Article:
Caring for Bamboo Plants

The history of the Bamboo plant is long and widespread. It dates back thousands of years and has been associated with many countries, customs, and cultures. More on Bamboo plant meaning. Many people prefer the Bamboo plant because it is simpler to take care of than other plants. Bamboo is also known for having a strong network or root system and often multiplies itself easily. In fact, it can reproduce so quickly, that it can be labeled invasive if it is left unchecked. Whether you are planting Bamboo outdoors or bringing the plant inside in containers, it is essential that you prune the root systems to prevent the plant from monopolizing your garden or from succumbing to root rot while growing indoors.

Bamboo plant care is essential to their longevity, whether you have planted them indoors or outdoors. Since Bamboo is technically a grass, it thrives with full sun, plenty of water, and fertilizer or plant food designed for maintaining healthy yards. Nitrogen is the most essential nutrient required by your Bamboo. More on Bamboo plant food. There are over 1,000 different varieties of Bamboo and it is a good idea to check with your local nursery or buy a book for guidelines pertaining to the care of your specific plant.


One way to ensure that your plant is given the best chance for successful growth is to begin by selecting a variety that is suitable for your particular climate and zone. You can find information through your local nursery regarding the type of Bamboo plant that is best suited for your zone. Since Bamboo is a grass, you will notice that it doesn’t favor weeds, so you will need to take extra precautions to ensure that your Bamboo is planted in carefully prepared and thoroughly weeded soil. When planting outside, be sure to add plenty of organic mulch. It is a good idea to lay mulch around the base of your plants that is between 2-4 inches thick. Letting the fallen leaves of the plant naturally decompose with the mulch will also add to the nitrogen content of your plants. When planting, be sure that the hole is deep enough to surround the root ball, and liberally water your Bamboo to ensure that it receives the hydration that it requires. You can make sure that your Bamboo is receiving enough water by first adding water to the hole before you plant it, then watering at least 3-4 times per week. If you notice the leaves beginning to curl, then you need to water more frequently.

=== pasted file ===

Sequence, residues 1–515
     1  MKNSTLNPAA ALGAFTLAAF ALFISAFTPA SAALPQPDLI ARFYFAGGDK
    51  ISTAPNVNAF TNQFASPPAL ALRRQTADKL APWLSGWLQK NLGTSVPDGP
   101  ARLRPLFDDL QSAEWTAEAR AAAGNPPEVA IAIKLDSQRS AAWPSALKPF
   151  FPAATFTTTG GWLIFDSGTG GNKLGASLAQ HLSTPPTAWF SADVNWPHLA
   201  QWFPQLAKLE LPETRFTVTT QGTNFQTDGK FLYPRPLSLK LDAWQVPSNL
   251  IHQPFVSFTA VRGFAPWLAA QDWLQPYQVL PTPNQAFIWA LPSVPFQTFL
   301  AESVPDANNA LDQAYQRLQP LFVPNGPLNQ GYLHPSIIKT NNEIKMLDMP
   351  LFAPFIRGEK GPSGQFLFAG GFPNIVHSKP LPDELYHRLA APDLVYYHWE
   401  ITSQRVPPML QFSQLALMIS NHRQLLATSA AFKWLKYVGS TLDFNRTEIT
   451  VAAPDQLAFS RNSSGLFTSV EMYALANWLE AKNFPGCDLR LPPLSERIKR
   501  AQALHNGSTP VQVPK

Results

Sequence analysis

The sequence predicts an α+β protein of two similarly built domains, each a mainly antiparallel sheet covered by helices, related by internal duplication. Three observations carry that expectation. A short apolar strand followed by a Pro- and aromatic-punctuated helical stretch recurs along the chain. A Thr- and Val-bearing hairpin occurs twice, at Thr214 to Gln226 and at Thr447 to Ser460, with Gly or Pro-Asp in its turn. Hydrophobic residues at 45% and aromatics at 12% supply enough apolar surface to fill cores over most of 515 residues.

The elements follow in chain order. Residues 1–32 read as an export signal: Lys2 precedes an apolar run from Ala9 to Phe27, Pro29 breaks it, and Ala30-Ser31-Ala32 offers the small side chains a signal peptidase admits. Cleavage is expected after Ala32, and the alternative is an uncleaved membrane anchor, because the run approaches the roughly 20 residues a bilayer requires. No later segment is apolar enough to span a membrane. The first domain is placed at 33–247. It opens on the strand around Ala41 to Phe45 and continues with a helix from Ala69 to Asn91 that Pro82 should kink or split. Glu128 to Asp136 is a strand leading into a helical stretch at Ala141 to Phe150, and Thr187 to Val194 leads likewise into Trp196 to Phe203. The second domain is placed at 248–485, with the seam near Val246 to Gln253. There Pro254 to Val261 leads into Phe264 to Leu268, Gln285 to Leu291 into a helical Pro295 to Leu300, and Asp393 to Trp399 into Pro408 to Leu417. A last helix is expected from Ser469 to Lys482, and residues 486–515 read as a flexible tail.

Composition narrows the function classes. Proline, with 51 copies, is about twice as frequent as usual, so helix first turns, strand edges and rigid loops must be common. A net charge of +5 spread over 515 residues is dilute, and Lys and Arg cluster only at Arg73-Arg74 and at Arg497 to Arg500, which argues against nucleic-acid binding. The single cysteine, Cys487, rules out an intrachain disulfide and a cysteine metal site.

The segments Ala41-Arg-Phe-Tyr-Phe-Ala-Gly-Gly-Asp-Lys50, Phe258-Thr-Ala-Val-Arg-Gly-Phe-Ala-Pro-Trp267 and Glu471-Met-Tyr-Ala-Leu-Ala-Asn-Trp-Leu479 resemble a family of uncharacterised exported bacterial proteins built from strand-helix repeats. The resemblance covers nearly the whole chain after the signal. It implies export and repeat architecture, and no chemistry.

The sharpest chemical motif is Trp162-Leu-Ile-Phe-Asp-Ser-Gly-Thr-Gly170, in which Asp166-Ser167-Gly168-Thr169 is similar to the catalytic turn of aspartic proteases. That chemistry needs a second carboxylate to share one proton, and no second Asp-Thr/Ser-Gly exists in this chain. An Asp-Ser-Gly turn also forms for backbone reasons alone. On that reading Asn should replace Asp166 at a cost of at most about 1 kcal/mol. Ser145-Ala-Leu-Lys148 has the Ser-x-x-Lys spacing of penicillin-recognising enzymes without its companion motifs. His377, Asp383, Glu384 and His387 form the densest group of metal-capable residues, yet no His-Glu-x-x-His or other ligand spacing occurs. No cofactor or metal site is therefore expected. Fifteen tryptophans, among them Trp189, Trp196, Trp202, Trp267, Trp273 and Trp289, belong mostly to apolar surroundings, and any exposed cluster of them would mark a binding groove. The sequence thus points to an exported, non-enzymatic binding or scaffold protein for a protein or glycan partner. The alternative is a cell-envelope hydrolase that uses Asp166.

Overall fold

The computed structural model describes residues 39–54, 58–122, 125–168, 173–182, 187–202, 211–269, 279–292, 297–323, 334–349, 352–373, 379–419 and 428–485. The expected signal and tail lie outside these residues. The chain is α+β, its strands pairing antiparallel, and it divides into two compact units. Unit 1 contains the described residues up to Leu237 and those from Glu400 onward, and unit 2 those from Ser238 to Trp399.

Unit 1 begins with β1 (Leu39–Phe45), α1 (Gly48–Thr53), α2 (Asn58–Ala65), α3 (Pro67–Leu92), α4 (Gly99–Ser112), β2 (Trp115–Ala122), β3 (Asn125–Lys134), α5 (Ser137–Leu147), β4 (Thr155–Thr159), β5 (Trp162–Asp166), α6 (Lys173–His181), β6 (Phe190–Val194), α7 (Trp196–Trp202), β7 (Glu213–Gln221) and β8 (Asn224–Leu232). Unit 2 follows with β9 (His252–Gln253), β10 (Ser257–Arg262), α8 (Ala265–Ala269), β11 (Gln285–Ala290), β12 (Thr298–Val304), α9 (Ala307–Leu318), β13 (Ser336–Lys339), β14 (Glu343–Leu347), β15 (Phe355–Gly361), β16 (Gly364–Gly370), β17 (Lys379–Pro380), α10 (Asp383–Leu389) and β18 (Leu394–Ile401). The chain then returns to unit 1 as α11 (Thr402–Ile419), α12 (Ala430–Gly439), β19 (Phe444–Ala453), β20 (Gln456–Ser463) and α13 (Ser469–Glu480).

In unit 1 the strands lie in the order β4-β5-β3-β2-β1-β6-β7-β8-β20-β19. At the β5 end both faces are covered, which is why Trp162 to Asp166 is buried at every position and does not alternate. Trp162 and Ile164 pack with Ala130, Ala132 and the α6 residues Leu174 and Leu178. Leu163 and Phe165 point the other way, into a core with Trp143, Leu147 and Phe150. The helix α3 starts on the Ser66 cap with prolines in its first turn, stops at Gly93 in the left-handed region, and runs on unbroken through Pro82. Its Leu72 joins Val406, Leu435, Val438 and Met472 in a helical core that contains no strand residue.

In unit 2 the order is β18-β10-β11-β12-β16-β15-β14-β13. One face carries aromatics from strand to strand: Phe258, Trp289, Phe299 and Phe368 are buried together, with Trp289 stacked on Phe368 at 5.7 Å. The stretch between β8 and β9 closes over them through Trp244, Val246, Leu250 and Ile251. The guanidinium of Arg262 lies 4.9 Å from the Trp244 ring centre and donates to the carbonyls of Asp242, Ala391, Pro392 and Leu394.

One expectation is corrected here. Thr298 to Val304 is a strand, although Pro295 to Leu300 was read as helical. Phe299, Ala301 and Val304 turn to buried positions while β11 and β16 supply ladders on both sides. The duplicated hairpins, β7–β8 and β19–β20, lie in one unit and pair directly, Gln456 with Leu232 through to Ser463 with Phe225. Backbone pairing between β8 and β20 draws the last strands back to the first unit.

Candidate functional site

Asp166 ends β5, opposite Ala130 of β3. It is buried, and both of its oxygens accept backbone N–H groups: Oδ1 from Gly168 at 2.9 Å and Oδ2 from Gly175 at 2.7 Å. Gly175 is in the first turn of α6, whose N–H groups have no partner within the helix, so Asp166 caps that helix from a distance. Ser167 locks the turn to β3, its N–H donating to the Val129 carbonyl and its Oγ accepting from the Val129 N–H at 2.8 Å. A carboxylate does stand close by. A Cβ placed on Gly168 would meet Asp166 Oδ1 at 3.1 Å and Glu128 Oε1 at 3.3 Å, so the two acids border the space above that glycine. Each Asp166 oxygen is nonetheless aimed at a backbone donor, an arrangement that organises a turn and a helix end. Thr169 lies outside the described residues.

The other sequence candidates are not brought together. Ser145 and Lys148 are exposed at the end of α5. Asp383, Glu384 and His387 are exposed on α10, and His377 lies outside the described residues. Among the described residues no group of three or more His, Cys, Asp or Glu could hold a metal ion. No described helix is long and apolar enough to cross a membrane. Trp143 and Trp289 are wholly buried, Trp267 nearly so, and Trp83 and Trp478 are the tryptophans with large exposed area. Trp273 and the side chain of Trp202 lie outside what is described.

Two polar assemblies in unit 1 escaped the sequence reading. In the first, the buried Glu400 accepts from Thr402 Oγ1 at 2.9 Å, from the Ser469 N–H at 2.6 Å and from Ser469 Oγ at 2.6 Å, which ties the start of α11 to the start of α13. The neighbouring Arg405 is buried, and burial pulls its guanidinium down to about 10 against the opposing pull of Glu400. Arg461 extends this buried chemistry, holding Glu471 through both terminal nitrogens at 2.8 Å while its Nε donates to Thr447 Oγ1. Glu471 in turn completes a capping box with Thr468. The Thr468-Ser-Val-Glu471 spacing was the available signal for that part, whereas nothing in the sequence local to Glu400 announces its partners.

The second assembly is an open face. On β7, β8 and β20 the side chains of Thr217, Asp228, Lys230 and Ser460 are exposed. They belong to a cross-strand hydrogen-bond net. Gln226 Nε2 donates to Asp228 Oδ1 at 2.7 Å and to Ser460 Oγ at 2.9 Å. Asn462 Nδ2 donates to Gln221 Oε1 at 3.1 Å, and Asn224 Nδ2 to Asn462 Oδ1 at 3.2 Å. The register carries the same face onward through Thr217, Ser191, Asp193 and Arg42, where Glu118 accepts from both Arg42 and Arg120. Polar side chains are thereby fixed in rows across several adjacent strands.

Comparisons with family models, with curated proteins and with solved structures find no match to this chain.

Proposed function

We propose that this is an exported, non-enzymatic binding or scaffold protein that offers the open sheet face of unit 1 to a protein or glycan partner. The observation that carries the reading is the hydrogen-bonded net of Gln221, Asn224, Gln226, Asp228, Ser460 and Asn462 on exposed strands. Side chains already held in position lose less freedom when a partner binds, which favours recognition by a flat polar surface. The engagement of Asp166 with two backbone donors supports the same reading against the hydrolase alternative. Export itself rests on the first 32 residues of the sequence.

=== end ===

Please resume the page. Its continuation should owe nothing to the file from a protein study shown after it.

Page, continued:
Though your Bamboo plant will thrive with fertilizers that are high in Nitrogen, it is a good idea not to fertilize your newly planted Bamboo plants until they have been established for at least one month. Bamboo plants are susceptible to damage from pests and you will need to treat these problems as they arise. Some of the most common pests include:

· Aphids
· Mealy Bugs
· Mites
· Sooty Mold
· Fungus
· Bleached Spots





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